Sure enough, it was a volley against his colleagues, members of one of America’s most cobwebbed institutions.
“There is no way that a bunch of men and women in Congress are going to come up with a strategy to confront that,” Sen. Mitt Romney (R-Utah) said bluntly on Wednesday. “We are being outcompeted in a dramatic way on the world stage.”
Speaking to the Senate Foreign Relations Committee, the 2012 GOP presidential nominee said the Chinese regime has an “extraordinarily comprehensive strategy” for world power. “We’re not equipped as a group of folks that are a little long of tooth to come up with something so comprehensive that we’re going to push back in a positive way,” he said. “And so I wonder, what do we do?” Romney said.
Presumably, somebody in Washington should be on this.
The veteran Irish financial journalist Eamonn Fingleton had a sharp piece in the current print edition The American Conservative grappling with that question. It was published online Thursday. “The mantra became ‘trade deficits don’t matter,’” Fingleton writes of intellectual debates of decades past. “This served the interests of such mercantilist nations as Japan, Germany, and China, which have continued avidly to build ever more advanced manufacturing industries and thus have generally gained mightily from the offshoring of American jobs. Because the major mercantilist nations are now by far the world’s most prolific sources of investment capital, Wall Street panders to their every need.”
“Almost no one in the American press has questioned this,” Fingleton continues (of course, TAChas long been a notable exception). “Since the ‘sophisticated’ view among media professionals has become that the United States is leading the world into a new post-industrial era of unprecedented prosperity. In the meantime, supposedly, the faster U.S. factories are shuttered, the better.”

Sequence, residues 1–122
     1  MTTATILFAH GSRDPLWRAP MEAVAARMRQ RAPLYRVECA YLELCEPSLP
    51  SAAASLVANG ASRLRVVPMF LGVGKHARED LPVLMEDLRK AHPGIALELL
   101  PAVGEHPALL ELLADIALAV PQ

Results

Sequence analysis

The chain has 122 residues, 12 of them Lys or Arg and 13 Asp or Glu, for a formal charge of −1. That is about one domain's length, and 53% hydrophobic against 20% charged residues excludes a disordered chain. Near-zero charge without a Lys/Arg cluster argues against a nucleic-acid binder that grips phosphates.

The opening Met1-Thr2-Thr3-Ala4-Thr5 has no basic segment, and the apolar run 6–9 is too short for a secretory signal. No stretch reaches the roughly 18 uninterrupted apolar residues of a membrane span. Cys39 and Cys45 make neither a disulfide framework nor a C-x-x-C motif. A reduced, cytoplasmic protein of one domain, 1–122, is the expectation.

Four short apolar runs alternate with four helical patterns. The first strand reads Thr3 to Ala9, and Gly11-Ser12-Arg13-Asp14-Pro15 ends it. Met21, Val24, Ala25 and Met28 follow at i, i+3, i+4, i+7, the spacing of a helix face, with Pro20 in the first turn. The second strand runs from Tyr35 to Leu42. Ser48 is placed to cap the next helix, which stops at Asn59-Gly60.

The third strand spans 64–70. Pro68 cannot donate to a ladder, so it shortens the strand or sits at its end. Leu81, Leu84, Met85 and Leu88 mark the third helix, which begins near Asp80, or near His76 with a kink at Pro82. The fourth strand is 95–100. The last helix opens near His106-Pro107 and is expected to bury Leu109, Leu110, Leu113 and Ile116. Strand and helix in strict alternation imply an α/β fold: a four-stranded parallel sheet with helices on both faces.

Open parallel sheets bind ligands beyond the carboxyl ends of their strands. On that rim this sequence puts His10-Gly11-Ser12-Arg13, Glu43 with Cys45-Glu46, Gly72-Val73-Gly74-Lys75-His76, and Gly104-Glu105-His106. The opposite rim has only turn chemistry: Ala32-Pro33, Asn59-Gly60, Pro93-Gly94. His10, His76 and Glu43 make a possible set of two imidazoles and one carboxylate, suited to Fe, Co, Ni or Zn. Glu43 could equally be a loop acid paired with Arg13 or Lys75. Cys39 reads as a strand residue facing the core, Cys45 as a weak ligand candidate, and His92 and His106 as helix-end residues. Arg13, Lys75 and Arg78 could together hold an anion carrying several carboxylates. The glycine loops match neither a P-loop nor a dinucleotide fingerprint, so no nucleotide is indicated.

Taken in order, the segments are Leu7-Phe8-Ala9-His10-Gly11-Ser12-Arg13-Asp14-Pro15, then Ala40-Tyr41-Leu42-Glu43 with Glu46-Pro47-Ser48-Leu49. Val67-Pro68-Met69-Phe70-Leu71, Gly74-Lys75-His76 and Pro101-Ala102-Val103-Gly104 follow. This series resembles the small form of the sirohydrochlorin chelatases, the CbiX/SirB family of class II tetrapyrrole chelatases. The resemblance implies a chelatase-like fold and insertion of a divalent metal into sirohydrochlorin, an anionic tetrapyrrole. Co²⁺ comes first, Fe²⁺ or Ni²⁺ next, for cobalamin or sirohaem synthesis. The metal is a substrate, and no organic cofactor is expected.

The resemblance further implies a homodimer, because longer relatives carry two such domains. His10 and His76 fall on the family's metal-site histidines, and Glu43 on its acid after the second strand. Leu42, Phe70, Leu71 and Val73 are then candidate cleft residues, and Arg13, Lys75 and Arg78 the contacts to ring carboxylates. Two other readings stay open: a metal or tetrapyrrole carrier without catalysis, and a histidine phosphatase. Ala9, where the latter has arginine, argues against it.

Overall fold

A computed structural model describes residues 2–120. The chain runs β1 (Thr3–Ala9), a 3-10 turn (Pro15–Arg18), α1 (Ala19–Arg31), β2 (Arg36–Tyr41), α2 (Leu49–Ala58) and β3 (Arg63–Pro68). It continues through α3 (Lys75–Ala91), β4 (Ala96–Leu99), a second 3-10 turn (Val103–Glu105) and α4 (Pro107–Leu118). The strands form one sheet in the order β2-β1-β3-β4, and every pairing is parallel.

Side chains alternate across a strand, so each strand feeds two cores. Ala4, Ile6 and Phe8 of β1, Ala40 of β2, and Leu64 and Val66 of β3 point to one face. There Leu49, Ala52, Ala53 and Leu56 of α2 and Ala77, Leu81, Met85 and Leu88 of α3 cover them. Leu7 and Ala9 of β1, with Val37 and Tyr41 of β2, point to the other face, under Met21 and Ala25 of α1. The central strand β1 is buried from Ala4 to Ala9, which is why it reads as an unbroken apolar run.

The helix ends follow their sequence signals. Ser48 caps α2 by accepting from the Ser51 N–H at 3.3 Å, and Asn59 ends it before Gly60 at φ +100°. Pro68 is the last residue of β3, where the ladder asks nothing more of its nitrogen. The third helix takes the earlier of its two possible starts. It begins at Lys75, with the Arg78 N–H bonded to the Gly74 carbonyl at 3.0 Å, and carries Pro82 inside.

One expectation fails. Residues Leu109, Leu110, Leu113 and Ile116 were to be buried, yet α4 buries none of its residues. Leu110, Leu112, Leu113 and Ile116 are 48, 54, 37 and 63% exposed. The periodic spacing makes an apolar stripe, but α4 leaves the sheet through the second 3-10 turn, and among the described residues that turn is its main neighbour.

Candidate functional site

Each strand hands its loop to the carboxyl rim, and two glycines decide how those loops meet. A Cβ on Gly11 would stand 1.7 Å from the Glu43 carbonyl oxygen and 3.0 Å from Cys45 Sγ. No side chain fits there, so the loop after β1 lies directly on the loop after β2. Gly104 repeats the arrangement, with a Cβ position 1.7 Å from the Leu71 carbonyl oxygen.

In what could be a response to Romney’s query, Fingleton suggests to America’s new president: “The model for what Biden should do is already out there: the Nixon Shock package of 1971,” a tariff policy that Fingleton makes the case allowed the U.S. of A to remain “the 800-pound gorilla of the world economy.” And where does the gorilla sit? “Anywhere he likes.” Wrapping up, Fingleton says, chillingly: “Any measures Biden takes now will necessarily be four decades too late. The scale of the problem he faces is colossal. But if he doesn’t act promptly and with considerable resolution, it is hard to see how the United States can aspire to a continuing future as a First World power.”
It is not at all clear if Romney would ever read someone like Fingleton, who is a pedigreed and respected thinker, but also a clear outcast of his generation. The two men were born a year apart, so while Fingleton was inveighing against what became the reigning approach for an age of globalization, Romney was in some ways steering the ship, a captain of (the financial) industry, a pioneering private equities equite, some would say an outsourcer par excellence, and later, as a major party nominee for president, chief complainer that Barack Obama wasn’t trade-happy enough.
Yet, for all that’s known about Romney, so much remains obscured. His worldview would seem quasi-modo, even in his eighth decade, curious. “And so I wonder, what do we do?” is not something you hear a senator confess every day, that is revealing ignorance, especially on matters of state and strategy against America’s staunchest rival yet.